Can a man be profitable to God?

If You Need Me, I’ll Call You

Sunshine bright with glory bathed our tiny backyard. Blue sky beckoned. Winter months had been long for our four-year-old son, and he was ready for play.

“If you need me, I’ll call you,” he shouted a split second before the screen door banged behind him. Its echo slammed inside my head.

I plopped down with a grin.

“If you need me, I’ll call you,” what kind of twisted reasoning was that?

Yet, something in the phrase niggled at me. Do I treat God that way, I wondered? Did my life sometimes display the arrogance of one whose need of God seesawed on circumstances rather than bankrupt heart need?

“Can a man be profitable to God? Surely he who is wise is profitable to himself.” Eliphaz asked Job (Job 22:2-3;ESV). Is it any pleasure to the Almighty if you are in the right…?”

As right as Eliphaz’ twisted reasoning sounds at first, it angered God. He implied God, being so removed in His loftiness, didn’t regard man’s trivial concerns. It was false.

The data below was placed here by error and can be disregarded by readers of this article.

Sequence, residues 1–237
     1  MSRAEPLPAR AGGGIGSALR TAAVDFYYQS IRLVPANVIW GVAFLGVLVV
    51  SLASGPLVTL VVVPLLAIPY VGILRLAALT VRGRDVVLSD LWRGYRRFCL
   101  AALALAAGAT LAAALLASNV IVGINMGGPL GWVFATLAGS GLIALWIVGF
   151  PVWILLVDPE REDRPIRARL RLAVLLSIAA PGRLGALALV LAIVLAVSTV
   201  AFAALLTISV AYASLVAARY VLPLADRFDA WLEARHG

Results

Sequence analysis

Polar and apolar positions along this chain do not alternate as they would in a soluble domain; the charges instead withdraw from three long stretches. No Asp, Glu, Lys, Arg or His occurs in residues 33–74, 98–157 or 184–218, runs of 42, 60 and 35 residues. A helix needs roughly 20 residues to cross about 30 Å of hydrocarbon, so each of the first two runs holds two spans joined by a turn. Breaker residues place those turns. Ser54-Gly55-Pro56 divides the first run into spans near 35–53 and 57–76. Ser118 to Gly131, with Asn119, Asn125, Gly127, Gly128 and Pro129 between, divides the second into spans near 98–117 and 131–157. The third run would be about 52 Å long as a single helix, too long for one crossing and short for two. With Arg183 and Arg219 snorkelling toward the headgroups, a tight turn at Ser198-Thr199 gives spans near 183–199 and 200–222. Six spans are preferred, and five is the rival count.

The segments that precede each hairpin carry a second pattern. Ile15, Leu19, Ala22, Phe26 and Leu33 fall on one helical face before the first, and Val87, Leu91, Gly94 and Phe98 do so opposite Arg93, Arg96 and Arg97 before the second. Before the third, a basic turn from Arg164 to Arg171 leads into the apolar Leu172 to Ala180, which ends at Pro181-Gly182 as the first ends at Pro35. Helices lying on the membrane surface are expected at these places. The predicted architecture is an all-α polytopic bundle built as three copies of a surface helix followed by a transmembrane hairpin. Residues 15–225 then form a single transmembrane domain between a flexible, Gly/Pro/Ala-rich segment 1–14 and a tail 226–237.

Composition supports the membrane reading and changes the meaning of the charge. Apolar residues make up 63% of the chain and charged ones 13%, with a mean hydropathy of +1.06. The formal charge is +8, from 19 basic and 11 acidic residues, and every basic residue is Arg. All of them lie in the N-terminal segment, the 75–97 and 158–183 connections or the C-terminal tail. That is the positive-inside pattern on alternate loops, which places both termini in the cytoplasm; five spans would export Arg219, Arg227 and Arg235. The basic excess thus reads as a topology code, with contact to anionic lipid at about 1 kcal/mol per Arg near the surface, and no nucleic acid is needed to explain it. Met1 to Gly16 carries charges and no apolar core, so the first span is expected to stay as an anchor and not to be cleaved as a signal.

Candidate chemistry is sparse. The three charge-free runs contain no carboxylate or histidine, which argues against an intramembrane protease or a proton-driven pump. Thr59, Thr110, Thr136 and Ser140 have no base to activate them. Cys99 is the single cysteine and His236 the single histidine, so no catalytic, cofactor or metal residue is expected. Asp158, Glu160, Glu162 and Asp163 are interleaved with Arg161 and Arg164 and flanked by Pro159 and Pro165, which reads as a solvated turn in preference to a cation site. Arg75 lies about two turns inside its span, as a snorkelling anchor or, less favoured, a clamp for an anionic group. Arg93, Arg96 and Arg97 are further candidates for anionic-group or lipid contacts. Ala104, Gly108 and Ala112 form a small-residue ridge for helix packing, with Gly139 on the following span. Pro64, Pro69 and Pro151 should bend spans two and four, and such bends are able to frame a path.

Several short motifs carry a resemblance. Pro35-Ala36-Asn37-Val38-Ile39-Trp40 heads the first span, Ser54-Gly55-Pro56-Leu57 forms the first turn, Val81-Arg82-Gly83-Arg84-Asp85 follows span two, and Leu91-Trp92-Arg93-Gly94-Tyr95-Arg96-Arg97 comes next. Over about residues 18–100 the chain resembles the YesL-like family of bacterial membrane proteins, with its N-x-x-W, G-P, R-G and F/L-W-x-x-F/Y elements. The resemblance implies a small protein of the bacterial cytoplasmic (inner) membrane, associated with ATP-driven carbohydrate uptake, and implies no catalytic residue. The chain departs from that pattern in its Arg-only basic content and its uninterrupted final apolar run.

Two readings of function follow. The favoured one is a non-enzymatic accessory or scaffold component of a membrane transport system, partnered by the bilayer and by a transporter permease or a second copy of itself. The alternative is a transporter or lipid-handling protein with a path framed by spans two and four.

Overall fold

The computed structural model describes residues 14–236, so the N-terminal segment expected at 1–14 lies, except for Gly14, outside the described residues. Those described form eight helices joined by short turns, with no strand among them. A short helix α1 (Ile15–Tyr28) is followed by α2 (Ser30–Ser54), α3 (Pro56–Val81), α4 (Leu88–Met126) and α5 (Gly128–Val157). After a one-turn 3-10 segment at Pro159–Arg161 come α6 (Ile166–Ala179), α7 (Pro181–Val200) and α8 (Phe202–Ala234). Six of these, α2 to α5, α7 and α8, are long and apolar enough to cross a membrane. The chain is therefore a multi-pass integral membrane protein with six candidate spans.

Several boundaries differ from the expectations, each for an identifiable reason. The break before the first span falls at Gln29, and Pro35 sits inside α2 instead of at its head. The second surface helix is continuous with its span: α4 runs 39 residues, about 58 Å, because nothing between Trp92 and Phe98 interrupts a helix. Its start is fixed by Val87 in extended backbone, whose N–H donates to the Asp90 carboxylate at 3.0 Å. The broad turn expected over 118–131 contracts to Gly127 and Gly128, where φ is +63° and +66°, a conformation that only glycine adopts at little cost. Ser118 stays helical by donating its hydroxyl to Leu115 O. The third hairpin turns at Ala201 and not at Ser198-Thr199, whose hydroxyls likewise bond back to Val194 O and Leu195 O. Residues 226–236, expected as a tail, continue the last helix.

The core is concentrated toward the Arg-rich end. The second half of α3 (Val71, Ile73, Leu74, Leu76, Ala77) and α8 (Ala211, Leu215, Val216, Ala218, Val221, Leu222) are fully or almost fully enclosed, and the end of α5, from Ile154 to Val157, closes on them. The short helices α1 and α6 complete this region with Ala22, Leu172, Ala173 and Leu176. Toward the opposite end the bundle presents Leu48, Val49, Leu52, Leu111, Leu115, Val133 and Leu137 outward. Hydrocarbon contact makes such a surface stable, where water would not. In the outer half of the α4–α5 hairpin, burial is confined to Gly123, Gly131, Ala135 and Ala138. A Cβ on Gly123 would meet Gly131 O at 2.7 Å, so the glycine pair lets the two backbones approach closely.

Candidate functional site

Eliphaz’ counseled, all suffering resulted from sin. He slid easily into the idea that righteous living makes life easy. But, Eliphaz’s shallow view of God’s Sovereignty restricted God into borders that declared what An Almighty God could or could not do or even should or should not do.

Eliphaz couldn’t conceive an uncontainable God, One that sifted even deep suffering through His Loving Hand. 

In John 15, Jesus reminds us, “I am the vine; you are the branches. Whoever abides in me and I in him, he it is that bears much fruit, for apart from me you can do nothing” (John 15:5; ESV).

Am I guilty of backwards reasoning? Do I at times put myself in the place of God, calling on Him as if He is meant for my manipulations rather than I am meant for His glory? 

“If you need me, I’ll call you.”

Who am I apart from my Creator? What need other than Him do I really have?

The memory of a child’s mixed up sentence reminds me today of this truth. 

The Vine is my life’s blood.

In perpetual need I call.


Momma is Jesus Here

Another recent article I’ve written about those childhood mixed up “sentences” is at just18summers. “Momma is Jesus Here?”